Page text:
fava bean panzanella

fava bean panzanella

Is the low carb faze behind us enough that we can talk about bread salad? I know a lot of people still cringe at the idea. To be fair though, the first time I had it, I also cringed.

I was living and working in a winery in Italy, and one weekend we went on a bicycling tour through the hills of Chianti. There’s no way I’ll be able to get pity here, but it was really hot that day and the hills are a lot bigger in real life than in the pictures. We stopped halfway for lunch at a winery, and the meal started with bread, progressed to soggy bread salad, peaked at some sort of heavy pasta dish, and ended with biscotti. I was so packed full of carbs and so exhausted, I could hardly keep my eyes open let alone bike another 18 km home.

It took me almost ten years to return to the idea of panzanella. If I was going to eat it again, I wanted one that wasn’t soggy, didn’t taste like stale bread and old vegetables, and didn’t put me in a carb coma. I finally found the perfect template in Salt, Fat, Acid, Heat by Samin Nosrat.

She makes her own croutons that are craggily, salty and rich with olive oil to get past the stale bread hurdle. I changed the rest from there, using fava beans, mint and cucumber chunks for a super fresh, spring centered meal. What I really love about this panzanella is that it doesn’t cower to the delicacy of fava beans, like a lot of recipes do. This stays substantial and flavorful, true to any good panzanella, and it’s accented by the tender morsels of favas. I especially love the crispy, chewy croutons that are just beginning to soften with the dressing, the salty bits of feta, and the high ratio of vegetables. Going back to that hot Italian day, I’m sure I still would’ve had a major carb coma with this, but I wouldn’t have been nearly as annoyed about it because this panzanella is so fresh and so worth it.


fava bean spring panzanella

fava bean panzanella

serves 6 | inspired by Salt, Fat, Acid, Heat by Samin Nosrat

ingredients

sourdough croutons

  • 1 lb loaf sourdough bread, day old is fine

  • 1/3 cup extra virgin olive oil

  • kosher salt

  • freshly ground black pepper

red wine vinaigrette

  • 1/2 shallot, halved, peeled and thinly sliced

  • 3 tbsp red wine vinegar

  • 1/2 cup extra virgin olive oil

fava bean panzanella

  • 2 cups fava beans (from 4 lbs pods)

  • 1 batch of sourdough croutons, recipe above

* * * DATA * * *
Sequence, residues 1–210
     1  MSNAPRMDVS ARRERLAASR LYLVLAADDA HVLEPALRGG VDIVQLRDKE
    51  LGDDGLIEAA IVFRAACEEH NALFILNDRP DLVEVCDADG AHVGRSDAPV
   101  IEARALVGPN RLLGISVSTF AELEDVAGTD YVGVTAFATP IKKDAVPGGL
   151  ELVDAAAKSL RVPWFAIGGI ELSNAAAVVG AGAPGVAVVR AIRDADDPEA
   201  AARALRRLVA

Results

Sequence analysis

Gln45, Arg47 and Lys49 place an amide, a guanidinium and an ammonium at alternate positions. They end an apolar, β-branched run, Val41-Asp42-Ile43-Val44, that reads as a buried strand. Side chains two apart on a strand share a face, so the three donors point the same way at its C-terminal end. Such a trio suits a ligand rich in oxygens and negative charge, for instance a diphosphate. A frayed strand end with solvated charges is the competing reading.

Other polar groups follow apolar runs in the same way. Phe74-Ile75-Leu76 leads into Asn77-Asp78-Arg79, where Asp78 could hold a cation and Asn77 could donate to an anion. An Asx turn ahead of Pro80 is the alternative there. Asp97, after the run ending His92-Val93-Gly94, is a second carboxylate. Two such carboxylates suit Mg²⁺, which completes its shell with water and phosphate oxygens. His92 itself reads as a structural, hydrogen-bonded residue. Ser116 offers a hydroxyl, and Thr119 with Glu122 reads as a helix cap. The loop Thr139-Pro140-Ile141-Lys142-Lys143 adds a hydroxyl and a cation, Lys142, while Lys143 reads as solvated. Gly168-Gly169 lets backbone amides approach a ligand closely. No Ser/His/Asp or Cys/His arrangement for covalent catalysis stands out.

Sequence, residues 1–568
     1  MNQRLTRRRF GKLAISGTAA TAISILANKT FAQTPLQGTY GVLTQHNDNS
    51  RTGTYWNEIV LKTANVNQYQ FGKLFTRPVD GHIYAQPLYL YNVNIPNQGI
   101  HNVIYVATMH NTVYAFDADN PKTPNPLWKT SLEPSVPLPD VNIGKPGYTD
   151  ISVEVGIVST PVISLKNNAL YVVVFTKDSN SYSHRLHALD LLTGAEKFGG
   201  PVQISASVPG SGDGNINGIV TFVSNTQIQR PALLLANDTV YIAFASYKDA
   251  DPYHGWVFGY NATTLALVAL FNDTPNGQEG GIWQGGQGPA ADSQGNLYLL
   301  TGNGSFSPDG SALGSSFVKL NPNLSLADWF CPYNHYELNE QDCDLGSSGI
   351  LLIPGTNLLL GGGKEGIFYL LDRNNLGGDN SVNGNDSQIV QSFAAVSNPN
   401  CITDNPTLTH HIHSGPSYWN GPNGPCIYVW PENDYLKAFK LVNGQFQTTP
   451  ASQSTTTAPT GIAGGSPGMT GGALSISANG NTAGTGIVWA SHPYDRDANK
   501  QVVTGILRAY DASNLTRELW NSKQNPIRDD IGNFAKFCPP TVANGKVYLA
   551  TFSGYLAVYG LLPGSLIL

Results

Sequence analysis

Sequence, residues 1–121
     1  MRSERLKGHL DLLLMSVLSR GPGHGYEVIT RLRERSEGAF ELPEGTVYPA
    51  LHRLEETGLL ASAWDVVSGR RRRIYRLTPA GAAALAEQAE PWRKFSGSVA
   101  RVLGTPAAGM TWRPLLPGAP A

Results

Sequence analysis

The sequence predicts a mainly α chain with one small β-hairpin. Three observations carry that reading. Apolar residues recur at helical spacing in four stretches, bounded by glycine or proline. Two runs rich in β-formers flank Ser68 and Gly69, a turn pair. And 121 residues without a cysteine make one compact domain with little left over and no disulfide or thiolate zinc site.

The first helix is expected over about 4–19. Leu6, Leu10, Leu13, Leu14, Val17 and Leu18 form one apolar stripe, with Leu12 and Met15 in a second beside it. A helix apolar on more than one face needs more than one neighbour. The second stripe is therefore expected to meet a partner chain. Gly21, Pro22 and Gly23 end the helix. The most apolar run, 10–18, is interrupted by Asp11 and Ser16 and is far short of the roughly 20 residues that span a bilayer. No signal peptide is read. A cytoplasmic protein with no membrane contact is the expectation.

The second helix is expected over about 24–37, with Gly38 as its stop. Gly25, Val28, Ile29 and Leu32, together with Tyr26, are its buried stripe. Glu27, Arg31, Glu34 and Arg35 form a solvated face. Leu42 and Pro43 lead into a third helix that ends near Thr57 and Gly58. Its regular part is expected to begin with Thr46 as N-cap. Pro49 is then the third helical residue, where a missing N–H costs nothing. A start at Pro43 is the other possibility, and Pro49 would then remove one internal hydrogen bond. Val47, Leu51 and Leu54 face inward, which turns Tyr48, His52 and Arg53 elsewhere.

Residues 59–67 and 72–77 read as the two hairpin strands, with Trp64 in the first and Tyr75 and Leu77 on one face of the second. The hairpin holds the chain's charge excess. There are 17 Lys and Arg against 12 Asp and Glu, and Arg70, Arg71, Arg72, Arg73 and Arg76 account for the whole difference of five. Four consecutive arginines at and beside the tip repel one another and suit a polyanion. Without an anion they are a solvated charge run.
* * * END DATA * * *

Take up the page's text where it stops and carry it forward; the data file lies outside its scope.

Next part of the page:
• 1 english cucumber, diced

  • 4 oz feta, crumbled into large chunks

  • red wine vinaigrette, recipe above

  • 1 bunch mint

fava bean bread salad

directions

sourdough croutons

  1. Preheat oven to 400°F. Line a baking sheet with aluminum foil and set aside.

  2. Using a serrated knife, remove crust from the loaf of bread then cut into 1 thick slices. Cut the slices into 1 inch thick strips then tear the strips into 1 inch sized pieces.

  3. Toss the torn bread with olive oil and season with 1/2 tsp salt and black pepper and spread out evenly on the prepared baking sheet. Avoid overcrowding the sheet and, if needed, use a second sheet to make sure the croutons get crispy and browned rather than steamed. Bake for 15- 18 minutes, or until golden brown and crunchy.

  4. Let the croutons cool on the baking sheet until needed.

red wine vinaigrette

  1. In a bowl or glass measuring cup, macerate the shallot in the red wine vinegar for about 10 minutes. Use a fork to drain and remove pickled shallot and set aside. Whisk in extra virgin olive oil, 1/2 tsp salt and freshly ground black pepper until thick and emulsified. Taste and adjust with more salt and pepper if needed then set aside.

fava bean panzanella

  1. Bring a large pot of water to a boil and fill a medium sized bowl with ice water for blanching.

  2. Break open the fava bean pods. Slide your finger along one side, opening the seam as you would a zipper. If a pod doesn't open easily, use a paring knife and slit the bean pod open, exposing the spongy insides and the beans. Remove the beans and discard the pods.

  3. Salt the boiling water and blanch the fava beans for about 30 seconds. With a slotted spoon, remove the beans from the hot water and immediately plunge into a bowl filled with iced water to stop the cooking.

  4. With your fingers or a paring knife, remove the top of the shell of a fava bean and squeeze the other end to pop out the bean. Discard the outer skin and place the shelled fava beans in a large bowl.

  5. Add cooled croutons, cucumber, pickled shallots, and two-thirds of the red wine vinaigrette and toss to combine. Taste and adjust seasoning with salt, pepper and more dressing if needed. Tear mint into small pieces and toss in the salad, along with the feta, just before serving, to prevent leaves from discoloring and feta from breaking up too much. Salad is best served immediately, at room temperature.

Store leftovers covered in the refrigerator for up to 2 days.


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